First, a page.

3 Common Sense Tips to Help You Make Smart Financial Decisions
It’s no secret making the right choices with your money can pay off big time. The financial tips we offer will hopefully make it a little easier for you. It doesn’t matter how big or how small your financial decisions are, it will have an impact on your life.
Due to the coronavirus, high school and college commencements in general, are being held online. For the college Class of 2020, we have some financial advice to offer. Plus, we will expose the top 5 money myths that hopefully will get you started down the right path.
Based on personal experience, I’ve come across young graduates that are of the mind-set “let’s just kick back & be young for the time being and adulting will kick in when it’s ready.” As I look back now, this is not what I would recommend to 2020 grads or for any student.
My best recommendation to you is to get your finances in order as early as possible and don’t postpone it. The following are 5 money myths that really need to be debunked, once and for all.
Myth 1. To create a budget means you can only buy things you need, and not what you may want.
A part of these money myths is thinking that a budget is supposed to stop you from having any fun in life. Instead, think of it as one of the best ways to develop healthy financial habits. The key to this budget is to calculate your take home pay and work from there.
50% of that amount goes to cover rent or mortgage payment, utilities, transportation, insurance – essentially all of your basic needs. 30% is used for vacations, travel, clothing, other items that wouldn’t be covered by the 50% category.
The 50/30/20 budget, if followed carefully, will help you to develop good financial habits and eventually, debt free. Watch the charge cards. They can be too tempting for some individuals. If you can’t payoff the card balance in full each month, stay away from them.
Healthy financial habits also include setting a consistent amount aside from each paycheck.
Again, from experience, you’re never too young to start. The earlier that you begin to save for retirement, the more comfortable you will be in retirement. There are so many Americans who are ready for retirement and don’t have enough money saved. Some will be working until the day they die.
If you’re fortunate enough to be able to contribute to an employer sponsored 401(k) account or an IRA where the employer matches a certain percentage, take advantage of it. Put as much in that you can afford, to start, and increase the amount as you go along.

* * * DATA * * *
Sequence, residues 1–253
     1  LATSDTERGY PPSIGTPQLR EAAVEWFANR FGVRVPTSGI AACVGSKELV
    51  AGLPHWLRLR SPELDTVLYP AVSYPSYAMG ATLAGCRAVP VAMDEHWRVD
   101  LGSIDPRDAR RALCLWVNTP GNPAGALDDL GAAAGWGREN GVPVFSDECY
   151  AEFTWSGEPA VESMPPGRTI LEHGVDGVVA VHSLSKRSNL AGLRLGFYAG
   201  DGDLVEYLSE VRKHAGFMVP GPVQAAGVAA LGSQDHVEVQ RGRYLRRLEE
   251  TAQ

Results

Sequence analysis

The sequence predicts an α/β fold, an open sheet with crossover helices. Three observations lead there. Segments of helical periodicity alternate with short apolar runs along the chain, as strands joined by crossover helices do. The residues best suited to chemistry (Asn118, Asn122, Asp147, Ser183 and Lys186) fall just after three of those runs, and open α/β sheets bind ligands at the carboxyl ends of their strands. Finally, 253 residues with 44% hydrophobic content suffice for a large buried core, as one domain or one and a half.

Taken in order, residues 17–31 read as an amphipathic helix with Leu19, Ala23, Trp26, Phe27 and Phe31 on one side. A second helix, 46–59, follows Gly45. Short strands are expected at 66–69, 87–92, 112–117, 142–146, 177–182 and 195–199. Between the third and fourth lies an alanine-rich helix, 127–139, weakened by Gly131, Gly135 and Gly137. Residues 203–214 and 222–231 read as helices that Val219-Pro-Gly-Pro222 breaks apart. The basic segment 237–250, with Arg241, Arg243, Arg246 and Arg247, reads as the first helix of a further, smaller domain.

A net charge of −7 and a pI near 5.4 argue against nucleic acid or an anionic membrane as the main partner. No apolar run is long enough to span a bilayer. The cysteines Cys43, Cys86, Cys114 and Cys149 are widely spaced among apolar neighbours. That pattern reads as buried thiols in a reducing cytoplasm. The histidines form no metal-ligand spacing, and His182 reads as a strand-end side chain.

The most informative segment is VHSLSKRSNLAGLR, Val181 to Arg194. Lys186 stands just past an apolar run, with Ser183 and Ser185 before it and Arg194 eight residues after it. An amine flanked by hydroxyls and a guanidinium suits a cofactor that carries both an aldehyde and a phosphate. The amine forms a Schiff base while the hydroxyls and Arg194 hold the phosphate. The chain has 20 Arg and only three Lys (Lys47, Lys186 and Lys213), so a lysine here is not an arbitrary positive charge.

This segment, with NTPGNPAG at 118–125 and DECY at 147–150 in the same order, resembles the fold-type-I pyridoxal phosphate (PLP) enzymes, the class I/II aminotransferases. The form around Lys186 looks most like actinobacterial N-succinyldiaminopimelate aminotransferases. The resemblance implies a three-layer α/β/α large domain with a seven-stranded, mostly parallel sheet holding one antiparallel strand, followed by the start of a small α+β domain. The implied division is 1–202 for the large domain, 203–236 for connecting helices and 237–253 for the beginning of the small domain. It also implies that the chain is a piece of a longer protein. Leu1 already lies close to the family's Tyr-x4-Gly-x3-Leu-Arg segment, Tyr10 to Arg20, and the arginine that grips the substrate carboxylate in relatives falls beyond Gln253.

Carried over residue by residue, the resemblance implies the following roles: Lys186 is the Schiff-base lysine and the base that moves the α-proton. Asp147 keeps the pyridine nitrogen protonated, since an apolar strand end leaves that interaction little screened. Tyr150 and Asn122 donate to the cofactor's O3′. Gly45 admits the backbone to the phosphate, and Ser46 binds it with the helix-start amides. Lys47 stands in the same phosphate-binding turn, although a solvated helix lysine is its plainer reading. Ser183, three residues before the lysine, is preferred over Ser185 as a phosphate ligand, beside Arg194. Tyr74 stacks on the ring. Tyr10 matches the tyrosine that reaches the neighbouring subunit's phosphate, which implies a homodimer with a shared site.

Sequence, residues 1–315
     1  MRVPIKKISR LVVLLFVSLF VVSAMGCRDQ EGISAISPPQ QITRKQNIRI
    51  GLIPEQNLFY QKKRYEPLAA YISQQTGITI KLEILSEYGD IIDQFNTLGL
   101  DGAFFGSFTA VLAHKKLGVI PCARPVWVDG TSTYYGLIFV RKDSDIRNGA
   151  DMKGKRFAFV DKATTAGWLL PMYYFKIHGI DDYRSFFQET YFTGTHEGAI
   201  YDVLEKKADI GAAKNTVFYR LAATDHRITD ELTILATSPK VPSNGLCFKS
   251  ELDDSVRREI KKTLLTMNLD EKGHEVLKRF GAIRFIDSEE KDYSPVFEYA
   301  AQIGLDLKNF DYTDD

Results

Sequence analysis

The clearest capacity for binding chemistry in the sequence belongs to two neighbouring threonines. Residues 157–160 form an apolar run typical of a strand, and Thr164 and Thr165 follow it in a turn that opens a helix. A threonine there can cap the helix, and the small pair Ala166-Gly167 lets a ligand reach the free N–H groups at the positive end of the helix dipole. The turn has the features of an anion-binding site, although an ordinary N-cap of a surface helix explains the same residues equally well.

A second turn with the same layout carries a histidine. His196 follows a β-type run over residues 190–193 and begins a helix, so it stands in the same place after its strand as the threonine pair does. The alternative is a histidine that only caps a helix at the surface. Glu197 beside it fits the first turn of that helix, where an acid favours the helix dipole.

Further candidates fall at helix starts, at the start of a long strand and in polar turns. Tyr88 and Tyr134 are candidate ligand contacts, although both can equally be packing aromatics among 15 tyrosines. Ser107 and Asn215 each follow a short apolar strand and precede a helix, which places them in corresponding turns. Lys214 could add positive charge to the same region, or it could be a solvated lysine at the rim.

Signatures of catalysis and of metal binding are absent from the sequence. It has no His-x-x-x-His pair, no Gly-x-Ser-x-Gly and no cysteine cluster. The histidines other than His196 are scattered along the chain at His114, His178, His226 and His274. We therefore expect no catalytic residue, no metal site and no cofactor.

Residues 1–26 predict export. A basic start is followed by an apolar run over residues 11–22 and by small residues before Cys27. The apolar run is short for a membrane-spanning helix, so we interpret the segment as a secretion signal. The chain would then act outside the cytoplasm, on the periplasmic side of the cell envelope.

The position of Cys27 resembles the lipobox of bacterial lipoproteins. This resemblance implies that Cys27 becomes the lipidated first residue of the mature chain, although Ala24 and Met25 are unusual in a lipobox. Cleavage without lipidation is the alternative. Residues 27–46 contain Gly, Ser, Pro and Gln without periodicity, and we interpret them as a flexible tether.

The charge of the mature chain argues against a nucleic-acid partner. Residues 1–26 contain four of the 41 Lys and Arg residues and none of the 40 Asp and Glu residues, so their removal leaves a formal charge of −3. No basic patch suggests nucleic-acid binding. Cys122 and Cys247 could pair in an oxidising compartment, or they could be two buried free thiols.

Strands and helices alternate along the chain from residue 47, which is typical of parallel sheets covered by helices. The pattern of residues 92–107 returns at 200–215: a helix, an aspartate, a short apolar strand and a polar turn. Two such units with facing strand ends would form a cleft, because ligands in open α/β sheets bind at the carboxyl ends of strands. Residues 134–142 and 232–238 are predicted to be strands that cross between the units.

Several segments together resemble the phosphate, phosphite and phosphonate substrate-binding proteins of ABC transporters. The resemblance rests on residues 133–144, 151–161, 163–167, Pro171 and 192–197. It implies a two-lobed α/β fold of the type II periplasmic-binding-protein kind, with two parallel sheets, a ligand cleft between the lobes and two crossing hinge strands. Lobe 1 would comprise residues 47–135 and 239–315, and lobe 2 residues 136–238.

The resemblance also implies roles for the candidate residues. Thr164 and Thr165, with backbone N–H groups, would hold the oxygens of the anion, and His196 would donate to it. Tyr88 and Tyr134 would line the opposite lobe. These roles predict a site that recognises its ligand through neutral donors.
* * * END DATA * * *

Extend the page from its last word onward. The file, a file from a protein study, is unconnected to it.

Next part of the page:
It didn’t take the current coronavirus long to hurt our economy. Many, many jobs were lost, some permanently. Many individuals getting near retirement will have to postpone that date, or simply cancel it as long as they are able to work.
As an example, take a person at age 25 who saves $1,000 a month for ten years using an investment rate of 7%. When he gets to be 65, he will have about $1.4 million. If another person started at age 35 with the same parameters, he would end up with about $700,000.
The amount that you save each month is important, but it doesn’t have to be a large sum. The most important thing is compounding. The longer your money is invested, the more that you will have and this is why you need to start at an early age. This alone should debunk the money myths.
It’s true that it can for some individuals, and that’s why you need to be responsible and need to build and maintain a good credit history. Building a good credit score now will benefit you in the future. Most individuals are familiar with the FICO score, but there are many more. The two most lenders use are FICO and VantageScore.
Your credit score is a three-digit number assigned to you by the credit scoring programs. It tells lenders how much of a risk they are taking by advancing you credit. The credit scoring programs vary in what they consider to be the most important factors, so we’ll use FICO, who is the most familiar.